Violence Of Direction

“The learned and the studious of thought have no monopoly of wisdom. Their violence of direction in some degree disqualifies them to think truly. We owe many valuable observations to people who are not very acute or profound, and who say the thing without effort which we want and have long been hunting in vain.”

Ralph Waldo Emerson, essay The Over- Soul, from The Portable Emerson, pg. 216

 

The following is a commentary posted online 9-18-13 by Jared Spurbeck who  lives in Cary, N.C. and appeared on the Yahoo Contributing Network:

 

“Let’s get a few things straight.

 

First, House Republicans are not going to stop Obamacare, also known as the Affordable Care Act. They’re not going to prevent freeloaders from having to buy health insurance (to help pay for care for people with actual medical conditions, which the ACA also requires insurance companies to stop coming up with excuses not to cover them), and they’re not going to prevent the Medicaid expansion, which will let poor families and workers get chronic and life-threatening medical conditions taken care of. Their leadership has very publicly refused to commit to a course of action, and it’s kind of ridiculous to talk about “defunding Obamacare” in the first place.

 

Second, it’s even more ridiculous to talk about generally defunding the government (via refusing to raise the debt ceiling or continuing “sequestration”) versus letting Americans have some semblance of the health care coverage people in practically every other first-world country have already. That’s because those aren’t the only two options on the table. We can choose what we want our society to look like, and it doesn’t have to be a “winner-take-all, the rest of you fight for the scraps” universe.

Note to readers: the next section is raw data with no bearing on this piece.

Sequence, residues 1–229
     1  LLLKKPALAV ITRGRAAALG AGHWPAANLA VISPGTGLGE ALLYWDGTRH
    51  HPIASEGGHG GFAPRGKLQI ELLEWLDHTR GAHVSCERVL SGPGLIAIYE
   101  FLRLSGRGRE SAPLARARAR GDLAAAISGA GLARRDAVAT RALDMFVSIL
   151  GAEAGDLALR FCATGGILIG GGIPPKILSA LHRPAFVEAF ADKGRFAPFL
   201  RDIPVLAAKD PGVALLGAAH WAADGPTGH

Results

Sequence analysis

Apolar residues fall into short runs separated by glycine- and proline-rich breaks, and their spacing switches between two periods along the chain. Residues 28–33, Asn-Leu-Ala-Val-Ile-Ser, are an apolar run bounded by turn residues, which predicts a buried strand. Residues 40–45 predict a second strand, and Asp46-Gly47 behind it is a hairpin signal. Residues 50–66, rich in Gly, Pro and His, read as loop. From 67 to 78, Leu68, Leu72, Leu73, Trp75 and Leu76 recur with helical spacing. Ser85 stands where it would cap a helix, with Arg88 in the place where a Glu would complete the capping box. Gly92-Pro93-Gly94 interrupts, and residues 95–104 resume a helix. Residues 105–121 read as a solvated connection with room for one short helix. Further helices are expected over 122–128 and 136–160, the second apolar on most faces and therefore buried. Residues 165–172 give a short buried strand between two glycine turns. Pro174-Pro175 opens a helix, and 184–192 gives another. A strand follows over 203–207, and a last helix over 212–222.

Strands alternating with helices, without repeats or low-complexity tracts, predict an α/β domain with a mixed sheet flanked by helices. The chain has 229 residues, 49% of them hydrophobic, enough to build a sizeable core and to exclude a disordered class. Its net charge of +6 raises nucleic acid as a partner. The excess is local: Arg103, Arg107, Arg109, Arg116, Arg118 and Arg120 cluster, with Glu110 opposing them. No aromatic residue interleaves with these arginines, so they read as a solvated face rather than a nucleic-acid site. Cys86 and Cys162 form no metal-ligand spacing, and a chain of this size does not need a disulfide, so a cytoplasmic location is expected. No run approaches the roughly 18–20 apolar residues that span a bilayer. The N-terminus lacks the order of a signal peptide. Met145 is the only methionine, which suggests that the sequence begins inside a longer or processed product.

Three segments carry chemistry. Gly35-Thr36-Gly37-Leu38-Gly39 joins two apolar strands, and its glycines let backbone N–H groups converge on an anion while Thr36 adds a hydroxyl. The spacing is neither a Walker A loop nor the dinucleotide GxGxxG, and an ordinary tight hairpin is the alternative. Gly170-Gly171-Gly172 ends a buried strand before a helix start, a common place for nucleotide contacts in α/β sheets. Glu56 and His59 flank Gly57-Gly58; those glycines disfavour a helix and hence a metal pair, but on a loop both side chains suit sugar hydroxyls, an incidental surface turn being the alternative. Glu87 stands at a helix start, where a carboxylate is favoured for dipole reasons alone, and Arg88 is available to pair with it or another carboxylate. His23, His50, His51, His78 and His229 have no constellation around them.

I currently depend on government-funded health care for life-saving medical interventions, through hard-to-find and hard-to-sign-up-for programs that I didn’t even know existed and that put a hard limit on how often I can see a health care professional. I wanted to go on Medicaid in 2014, but the Republicans in my state of North Carolina rejected federal funding of the ACA Medicaid expansion, over the protest of the state’s doctors and even though it’d cost them nothing.

 

I’m scared that my life will be thrown away.

 

Right now, we have widespread unemployment and poverty because no one’s spending enough to justify hiring more workers. Poor and middle-class Americans can’t spend the money, and people with unearned wealth simply aren’t.

 

We, as a society, go to a lot of trouble to make life easier for rich people. We build the roads, bridges, and public schools that make the United States a better and safer place to do business than Somalia, and even though they get most of the benefits, we don’t even make them pay their fair share of the cost. Instead, we let them deduct practically everything from their taxes, avoid paying corporate income tax, and rewrite the tax laws every year with the help of their full-time accountants.

 

“Sequestration” is basically rich people saying — via the House Republicans — “screw you all, my $300,000 wristwatch is more important than your child’s health care.” Or her preschool program, or her breakfast, or her teacher’s salary. Why do we think this is OK? Do we really have to let people curl up and die — 502 of them every week in 2010 — to make sure rich people get to keep all the unearned wealth that we worked so hard to give them?

 

Why are we even talking about this in the 21st century?”

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